Growing concerns over the number of wind farms being approved in Northumberland have been expressed to a local MP – amid claims that the county is in danger of becoming a “turbine landscape”.
Campaigners fighting plans to build giant turbines near Morpeth met Berwick MP Sir Alan Beith at the weekend, to press for his support for Government action to slow down the expansion of the onshore wind industry.
It emerged a week ago that more than 100 Conservative MPs have written to David Cameron to demand cuts in the £400m-a-year subsidies paid to the industry.
Also this week, Lib Dem county councillor Dougie Watkin claimed Northumberland is at risk of becoming a turbine landscape, with impacts on long-distance views enjoyed by visitors and locals.
There is concern that although Northumberland only has around 30 operational turbines, scores more have been given planning consent and there are many others in the pipeline.
On Saturday Sir Alan met campaigners in the hamlet of Fenrother, who are fighting plans by EnergieKontor to build five turbines – each 126 metres high – on nearby farmland.
Hundreds of people have signed up to support the campaign, which is being led by Dr James Lunn, who lives in Fenrother with his wife Emma and baby daughter Imogen.
Dr Lunn said locals were disappointed that their MP seemed unwilling to take sides in the wind farm debate.
He said: “We were quite surprised that Sir Alan said there is no greater pressure on Northumberland than other areas of the country, because that doesn’t tally with statistics we have from the Department for Energy and Climate Change.
“He says our installed capacity here is low, but we find it horrifying that such a large burden is soon going to be imposed on Northumberland from turbines which have been consented but not yet built.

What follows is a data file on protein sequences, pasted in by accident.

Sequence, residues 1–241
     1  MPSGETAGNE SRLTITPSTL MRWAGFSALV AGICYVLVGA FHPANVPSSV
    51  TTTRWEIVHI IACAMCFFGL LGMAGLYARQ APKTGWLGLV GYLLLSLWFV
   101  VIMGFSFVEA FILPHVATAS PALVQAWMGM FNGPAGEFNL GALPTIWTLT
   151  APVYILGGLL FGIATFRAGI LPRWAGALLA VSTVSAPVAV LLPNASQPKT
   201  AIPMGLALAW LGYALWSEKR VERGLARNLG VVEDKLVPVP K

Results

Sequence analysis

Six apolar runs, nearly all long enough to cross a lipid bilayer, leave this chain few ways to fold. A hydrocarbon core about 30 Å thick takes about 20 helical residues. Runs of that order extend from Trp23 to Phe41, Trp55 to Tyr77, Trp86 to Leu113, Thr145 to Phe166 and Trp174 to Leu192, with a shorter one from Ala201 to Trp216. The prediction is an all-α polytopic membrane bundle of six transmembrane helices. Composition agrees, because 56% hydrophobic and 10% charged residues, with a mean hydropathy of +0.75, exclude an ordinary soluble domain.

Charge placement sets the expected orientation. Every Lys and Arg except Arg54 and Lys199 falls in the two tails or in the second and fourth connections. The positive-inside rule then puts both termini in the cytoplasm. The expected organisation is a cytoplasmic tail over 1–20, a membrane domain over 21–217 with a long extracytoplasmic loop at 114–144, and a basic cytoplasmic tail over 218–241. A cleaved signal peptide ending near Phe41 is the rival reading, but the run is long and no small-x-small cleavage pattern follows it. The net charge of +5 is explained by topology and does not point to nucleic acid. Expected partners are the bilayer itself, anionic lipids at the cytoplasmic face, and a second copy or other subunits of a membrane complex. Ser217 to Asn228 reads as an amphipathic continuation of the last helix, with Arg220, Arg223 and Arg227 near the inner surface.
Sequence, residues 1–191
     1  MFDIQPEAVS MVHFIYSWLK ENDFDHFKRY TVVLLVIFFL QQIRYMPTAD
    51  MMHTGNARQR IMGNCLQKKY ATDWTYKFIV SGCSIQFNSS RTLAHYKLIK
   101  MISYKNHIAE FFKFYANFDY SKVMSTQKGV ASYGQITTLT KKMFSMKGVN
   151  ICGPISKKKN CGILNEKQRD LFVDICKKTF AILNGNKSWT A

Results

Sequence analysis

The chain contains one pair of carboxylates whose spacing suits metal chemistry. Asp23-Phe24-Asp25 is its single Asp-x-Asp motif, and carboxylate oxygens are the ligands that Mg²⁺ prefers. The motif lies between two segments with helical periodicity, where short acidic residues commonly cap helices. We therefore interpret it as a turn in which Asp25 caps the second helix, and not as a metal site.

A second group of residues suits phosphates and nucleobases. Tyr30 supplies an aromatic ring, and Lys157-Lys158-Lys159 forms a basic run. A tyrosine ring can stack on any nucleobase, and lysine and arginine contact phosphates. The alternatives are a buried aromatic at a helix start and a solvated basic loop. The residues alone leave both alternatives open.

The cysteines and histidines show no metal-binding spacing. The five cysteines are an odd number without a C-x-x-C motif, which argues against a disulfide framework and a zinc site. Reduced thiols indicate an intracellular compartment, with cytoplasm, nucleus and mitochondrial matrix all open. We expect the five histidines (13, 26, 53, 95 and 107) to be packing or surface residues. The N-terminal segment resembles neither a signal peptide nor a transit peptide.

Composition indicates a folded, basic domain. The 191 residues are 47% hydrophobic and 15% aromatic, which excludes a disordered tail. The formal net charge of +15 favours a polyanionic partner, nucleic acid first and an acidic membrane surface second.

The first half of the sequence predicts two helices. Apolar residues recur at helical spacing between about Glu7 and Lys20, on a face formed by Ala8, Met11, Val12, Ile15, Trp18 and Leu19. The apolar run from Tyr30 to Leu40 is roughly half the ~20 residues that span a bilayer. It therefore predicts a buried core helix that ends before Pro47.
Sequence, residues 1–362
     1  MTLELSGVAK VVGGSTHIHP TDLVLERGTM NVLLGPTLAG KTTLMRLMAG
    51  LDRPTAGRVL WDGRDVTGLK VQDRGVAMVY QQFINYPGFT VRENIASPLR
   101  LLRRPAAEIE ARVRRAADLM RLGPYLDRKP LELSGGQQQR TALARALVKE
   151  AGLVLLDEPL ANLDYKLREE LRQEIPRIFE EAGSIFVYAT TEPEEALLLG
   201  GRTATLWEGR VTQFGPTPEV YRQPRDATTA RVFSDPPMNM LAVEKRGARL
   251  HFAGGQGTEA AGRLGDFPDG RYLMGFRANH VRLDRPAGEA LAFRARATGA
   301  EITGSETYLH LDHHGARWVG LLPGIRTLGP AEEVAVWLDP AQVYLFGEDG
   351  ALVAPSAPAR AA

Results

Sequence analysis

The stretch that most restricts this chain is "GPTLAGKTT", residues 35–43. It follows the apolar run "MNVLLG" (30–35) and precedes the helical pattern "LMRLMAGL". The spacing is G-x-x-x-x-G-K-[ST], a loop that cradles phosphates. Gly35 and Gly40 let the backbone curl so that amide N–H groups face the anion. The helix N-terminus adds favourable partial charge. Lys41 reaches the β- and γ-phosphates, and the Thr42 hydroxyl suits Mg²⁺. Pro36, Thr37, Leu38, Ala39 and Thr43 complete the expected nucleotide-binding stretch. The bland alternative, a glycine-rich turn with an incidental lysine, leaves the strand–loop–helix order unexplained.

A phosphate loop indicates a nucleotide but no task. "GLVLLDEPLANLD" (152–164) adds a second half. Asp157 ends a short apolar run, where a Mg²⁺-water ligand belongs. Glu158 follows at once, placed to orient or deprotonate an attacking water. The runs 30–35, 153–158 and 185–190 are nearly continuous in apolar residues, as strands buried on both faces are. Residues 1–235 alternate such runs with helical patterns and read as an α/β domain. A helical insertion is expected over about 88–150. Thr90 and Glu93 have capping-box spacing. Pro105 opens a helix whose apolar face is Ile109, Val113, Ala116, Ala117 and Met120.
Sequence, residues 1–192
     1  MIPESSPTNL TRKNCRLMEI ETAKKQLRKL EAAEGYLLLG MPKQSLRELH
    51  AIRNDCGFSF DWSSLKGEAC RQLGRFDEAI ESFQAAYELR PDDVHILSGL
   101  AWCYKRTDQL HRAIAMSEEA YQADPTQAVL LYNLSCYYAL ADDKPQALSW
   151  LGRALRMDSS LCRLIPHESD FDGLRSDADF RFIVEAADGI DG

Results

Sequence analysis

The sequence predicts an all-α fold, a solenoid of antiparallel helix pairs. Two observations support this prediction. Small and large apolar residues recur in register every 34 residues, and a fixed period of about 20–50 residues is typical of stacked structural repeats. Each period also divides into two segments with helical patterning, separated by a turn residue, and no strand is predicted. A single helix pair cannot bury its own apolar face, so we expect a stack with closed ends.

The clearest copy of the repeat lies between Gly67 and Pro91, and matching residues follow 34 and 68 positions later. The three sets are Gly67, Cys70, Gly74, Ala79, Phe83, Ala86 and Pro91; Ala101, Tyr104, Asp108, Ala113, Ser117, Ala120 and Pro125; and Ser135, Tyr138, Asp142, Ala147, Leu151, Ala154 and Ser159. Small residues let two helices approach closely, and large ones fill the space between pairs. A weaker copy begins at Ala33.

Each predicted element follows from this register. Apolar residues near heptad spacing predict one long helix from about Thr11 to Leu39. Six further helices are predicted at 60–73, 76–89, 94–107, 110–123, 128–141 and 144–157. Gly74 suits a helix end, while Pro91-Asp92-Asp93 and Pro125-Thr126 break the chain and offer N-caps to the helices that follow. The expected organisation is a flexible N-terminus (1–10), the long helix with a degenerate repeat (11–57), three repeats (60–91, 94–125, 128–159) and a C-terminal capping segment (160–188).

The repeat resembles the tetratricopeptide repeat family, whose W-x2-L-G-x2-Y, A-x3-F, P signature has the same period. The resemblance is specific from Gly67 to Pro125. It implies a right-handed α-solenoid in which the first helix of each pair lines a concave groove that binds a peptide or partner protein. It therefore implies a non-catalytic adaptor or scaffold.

“We also felt it was a shame that he will not oppose individual applications, even though he admits he has had many letters and concerns about wind farms.
“He did ask for more information about our figures, and we hope that he will start knocking on the door of the new secretary of state, Ed Davey.
“We need both a national and Northumberland policy to protect settlements, because we can’t rely on the county council planning department to protect us.
“They seem to believe there is no upper limit for the number of wind farms that can be considered.”
Sir Alan said he was aware from talking to other MPs at Westminster that Northumberland was “not unique” in facing a lot of wind farm applications, and the county council needed to draw up its own policy on the issue.
“Northumberland needs a policy that is proportional and recognises the landscape issues involved when considering turbines,” he said. “It needs to develop a policy framework because we are getting so many applications. I don’t take a view on individual applications, but I am happy to talk to groups like the one at Fenrother and advise them.
“I believe wind has a part to play in our energy needs, but in a county as attractive as ours it has to be handled carefully. We actually have a relatively small number of wind farms built, but quite a lot more have been consented.
“The county council must assume these are going to be built, and take that cumulative effect into account when considering new applications.”
Sir Alan’s comments come a week after Hexham Tory MP Guy Opperman called on the council to produce a wind farm policy that will clarify its future strategy. Mr Opperman said the issue is dividing communities, and needs to be looked at closely on a national and local basis.
We find it horrifying that such a large burden is soon going to be imposed on Northumberland
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